Sunday, April 29, 2007

Managing badly against the grain

Bob Sutton (author of The No Asshole Rule) has an interesting article at Harvard Business Online on the discontinuity between the accepted wisdom regarding 'superstar' employees and the objective evidence about that wisdom. I've got family members in the HR consulting area, so I find this sort of thing interesting, but I came across this bit about the No Asshole Rule which seemed worth sharing:
“there were several CIOs who emphasized that such bosses and work climates not only drove people out, but they created environments were people devoted too much energy to avoiding blame and the wrath of others, and not enough time to actually doing their jobs”
Have you ever experienced an asshole boss or work climate? I have, at two different workplaces, and it took a terrible toll both times. Apart from the fact that it wears you down to deal with such dysfunctional people, it can influence your own attitudes, so that you find yourself exhibiting signs of being an asshole yourself, not to mention taking on full-time blame avoidance and wrath dodging.

It doesn't help that asshole behaviour usually comes from people you feel you should respect (they're senior, the cream of the crop, the respected director, the firm's rising star), which can hide the harm it does if you let it make you too self-critical (they're right, I'm not good enough, I screwed up, I don't deserve this job ...). But the truth is that if a manager criticises your performance, does nothing to help you improve it, and yet expects improvement - then they are acting like an asshole.

When it comes to looking at what managers should do, Bob Sutton suggests we look at evidence-based management. Jeffrey Pfeffer runs a website about evidence-based management and recently testified to Congress about it. He summarised his testimony into five points (re-formatted by me):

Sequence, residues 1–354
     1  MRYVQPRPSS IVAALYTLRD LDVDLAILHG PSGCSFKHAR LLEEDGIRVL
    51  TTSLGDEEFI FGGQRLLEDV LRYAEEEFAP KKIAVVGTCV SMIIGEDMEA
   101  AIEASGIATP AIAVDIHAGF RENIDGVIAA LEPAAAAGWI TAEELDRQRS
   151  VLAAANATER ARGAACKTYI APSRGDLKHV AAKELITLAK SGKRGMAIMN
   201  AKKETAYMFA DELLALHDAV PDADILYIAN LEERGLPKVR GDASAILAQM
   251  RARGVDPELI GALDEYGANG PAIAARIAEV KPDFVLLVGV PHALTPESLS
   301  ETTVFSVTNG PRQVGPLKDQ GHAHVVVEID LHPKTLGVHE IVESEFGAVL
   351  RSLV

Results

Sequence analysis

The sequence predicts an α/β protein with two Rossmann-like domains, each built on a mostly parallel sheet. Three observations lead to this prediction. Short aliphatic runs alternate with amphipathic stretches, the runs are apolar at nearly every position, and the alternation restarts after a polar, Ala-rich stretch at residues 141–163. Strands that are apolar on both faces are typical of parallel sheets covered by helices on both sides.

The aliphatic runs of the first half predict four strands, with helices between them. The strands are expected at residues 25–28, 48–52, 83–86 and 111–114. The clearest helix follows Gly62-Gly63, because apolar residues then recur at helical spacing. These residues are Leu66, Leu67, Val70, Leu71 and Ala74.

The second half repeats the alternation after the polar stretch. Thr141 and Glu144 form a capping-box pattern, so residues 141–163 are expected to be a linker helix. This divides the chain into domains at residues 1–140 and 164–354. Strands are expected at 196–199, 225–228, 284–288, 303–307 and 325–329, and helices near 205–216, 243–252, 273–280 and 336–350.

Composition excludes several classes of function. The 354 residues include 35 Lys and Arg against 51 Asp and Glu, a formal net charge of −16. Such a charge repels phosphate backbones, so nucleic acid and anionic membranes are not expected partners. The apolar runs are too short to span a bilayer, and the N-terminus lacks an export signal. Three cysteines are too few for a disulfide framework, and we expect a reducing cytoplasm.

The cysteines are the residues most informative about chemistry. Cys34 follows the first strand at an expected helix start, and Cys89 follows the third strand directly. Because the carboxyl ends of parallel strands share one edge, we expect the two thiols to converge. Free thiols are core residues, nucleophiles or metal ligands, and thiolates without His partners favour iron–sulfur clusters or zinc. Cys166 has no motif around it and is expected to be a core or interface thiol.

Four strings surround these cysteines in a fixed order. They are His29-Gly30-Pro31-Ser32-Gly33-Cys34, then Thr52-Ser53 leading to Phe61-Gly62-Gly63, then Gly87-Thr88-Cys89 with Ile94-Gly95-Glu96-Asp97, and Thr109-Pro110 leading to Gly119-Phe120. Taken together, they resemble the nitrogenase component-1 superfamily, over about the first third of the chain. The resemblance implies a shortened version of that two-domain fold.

“First, organizations in both the public and private sector ought to base policies not on casual benchmarking, on ideology or belief, on what they have done in the past or what they are comfortable with doing, but instead should implement evidence-based management.

Second, the mere prevalence or persistence of some management practice is not evidence that it works -- there are numerous examples of widely diffused and quite persistent management practices, strongly advocated by practicing executives and consultants, where the systematic empirical evidence for their ineffectiveness is just overwhelming.

Third, the idea that individual pay for performance will enhance organizational operations rests on a set of assumptions. Once those assumptions are spelled out and confronted with the evidence, it is clear that many -- maybe all -- do not hold in most organizations.

Fourth, the evidence for the effectiveness of individual pay for performance is mixed, at best -- not because pay systems don't motivate behavior, but more frequently, because such systems effectively motivate the wrong behavior.

And finally, the best way to encourage performance is to build a high performance culture. We know the components of such a system, and we ought to pay attention to this research and implement its findings.”
The assertion that organisations are sending their managers to courses and drafting their policies based on what is essentially made up rules is scary. Just because we wish something were true, doesn't mean it is, and acting otherwise is plain stupid.

Bringing that back to project management, which is my personal sphere of management experience, and Ross Pettit at The Agile Manager blog just posted on Patterns and Anti-Patterns in Project Portfolio Management. The anti-patterns he mentions are worth noting, although I'm not sure I buy the conclusion that Agile Management is the answer.

A good analogy for this stuff is the carpenter that stubbornly tries to plane against the grain and is unhappy with the resulting jagged finish. It is fair enough to say that in our personal experience we may not experience a particular situation often enough to be able to derive statistically relevant rules from it, but when others have done it for us, it behoves us to educate ourselves before we act.

[UPDATE: Another carpentry analogy is that we need to learn the trade and the tricks will follow. Too often we look for management shortcuts (the tricks) rather than getting the basics (the trade) right.]

Thinking of self-education, I'm in a place right now where I'm wondering whether I'm a software developer or a project manager. I find myself reading things like The Pragmatic Programmer and dis.cipul.us and tinkering with Ruby on Rails apps at home (my breakable toys) which clearly is part of my developer persona, but I also am interested in management and love the challenge of tackling projects at a level well above worrying about my daily tasks.

Articles found via Thoughtworks' Jason Yip here and again here.

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